TEL AVIV, ISRAEL—According to a Times of Israel report, elephant fat and bone residues have been detected on 500,000-year-old flint blades unearthed in southern Israel by a team of researchers led by Flavia Venditti and Ran Barkai of Tel Aviv University. A collection of animal bones, hand axes, scrapers, and what had been thought to be knapping debris was recovered from the site, known as Revadim. But microscopic examination of the tiny flint pieces, some of which measure just two inches […]

  • Dairy Protein Found on Teeth of Britain’s Neolithic Farmers
    on September 11, 2019 at 10:27 pm

    YORK, ENGLAND—BBC News reports that calcified plaque scraped from 6,000-year-old teeth has provided early evidence for dairy consumption among Britain’s Neolithic farmers. Traces of dairy products analyzed in the study were obtained from pottery fragments recovered at three Neolithic sites in Britain. Testing of these residues suggests that some of the milk had been heated, and analysis of the dental plaque using mass spectrometry detected a dairy protein in some of the individuals. […]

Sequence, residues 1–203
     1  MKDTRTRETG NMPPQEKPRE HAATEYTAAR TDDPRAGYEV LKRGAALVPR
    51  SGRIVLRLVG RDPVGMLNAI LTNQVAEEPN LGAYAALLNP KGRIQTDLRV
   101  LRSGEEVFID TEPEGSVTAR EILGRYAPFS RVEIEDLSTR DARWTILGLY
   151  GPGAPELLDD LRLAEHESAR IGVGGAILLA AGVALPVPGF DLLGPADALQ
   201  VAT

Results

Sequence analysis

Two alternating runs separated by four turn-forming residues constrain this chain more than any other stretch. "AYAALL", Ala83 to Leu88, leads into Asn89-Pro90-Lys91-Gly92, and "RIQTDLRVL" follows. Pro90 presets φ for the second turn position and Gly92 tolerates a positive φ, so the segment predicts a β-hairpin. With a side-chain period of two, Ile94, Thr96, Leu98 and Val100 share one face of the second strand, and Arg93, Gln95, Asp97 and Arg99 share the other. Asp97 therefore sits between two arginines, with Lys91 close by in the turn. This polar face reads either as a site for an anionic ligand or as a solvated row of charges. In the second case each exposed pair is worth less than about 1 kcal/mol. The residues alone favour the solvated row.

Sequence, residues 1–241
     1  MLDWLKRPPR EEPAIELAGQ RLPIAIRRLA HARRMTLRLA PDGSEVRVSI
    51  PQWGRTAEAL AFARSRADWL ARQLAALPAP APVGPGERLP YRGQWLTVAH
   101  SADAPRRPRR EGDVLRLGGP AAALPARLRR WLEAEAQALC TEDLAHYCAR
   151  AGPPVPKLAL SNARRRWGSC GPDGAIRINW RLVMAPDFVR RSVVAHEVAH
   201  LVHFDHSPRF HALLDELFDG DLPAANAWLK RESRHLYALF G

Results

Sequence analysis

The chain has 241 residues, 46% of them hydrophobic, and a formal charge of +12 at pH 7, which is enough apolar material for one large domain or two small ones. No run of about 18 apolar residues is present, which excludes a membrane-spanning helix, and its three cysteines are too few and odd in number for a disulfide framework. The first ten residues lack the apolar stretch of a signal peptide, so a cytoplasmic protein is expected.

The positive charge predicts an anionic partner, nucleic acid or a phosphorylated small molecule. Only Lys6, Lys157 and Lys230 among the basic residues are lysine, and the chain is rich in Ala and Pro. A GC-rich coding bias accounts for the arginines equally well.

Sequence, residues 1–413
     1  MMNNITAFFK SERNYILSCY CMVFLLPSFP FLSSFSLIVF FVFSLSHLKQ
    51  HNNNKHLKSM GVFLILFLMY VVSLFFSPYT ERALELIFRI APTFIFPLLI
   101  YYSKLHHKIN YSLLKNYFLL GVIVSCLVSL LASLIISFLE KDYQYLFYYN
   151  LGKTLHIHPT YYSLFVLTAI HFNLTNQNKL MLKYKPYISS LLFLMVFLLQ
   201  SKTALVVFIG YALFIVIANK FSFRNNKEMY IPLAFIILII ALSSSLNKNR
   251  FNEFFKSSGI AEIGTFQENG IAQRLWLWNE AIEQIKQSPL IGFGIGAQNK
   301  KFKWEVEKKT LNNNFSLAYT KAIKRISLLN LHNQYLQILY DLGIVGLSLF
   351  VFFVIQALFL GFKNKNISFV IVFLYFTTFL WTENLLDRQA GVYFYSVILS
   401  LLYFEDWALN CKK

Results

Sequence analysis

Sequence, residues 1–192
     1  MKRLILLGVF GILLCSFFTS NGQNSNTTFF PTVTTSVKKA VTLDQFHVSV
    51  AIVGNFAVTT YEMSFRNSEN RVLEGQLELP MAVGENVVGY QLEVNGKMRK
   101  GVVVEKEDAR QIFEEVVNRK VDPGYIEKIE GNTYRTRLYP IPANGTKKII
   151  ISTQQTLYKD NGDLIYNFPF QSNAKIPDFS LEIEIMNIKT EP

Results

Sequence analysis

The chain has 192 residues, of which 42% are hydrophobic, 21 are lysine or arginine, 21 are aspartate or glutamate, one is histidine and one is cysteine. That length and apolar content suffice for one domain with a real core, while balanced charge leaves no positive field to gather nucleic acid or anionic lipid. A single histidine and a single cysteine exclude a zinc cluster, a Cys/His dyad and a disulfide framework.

• Reconstructing the evolution of all species
    on September 11, 2019 at 6:27 pm

    By looking into fossil teeth from almost 2 million years old rhinos, researchers have launched a new molecular method for studying the evolutionary history of fossil species dating back millions of years.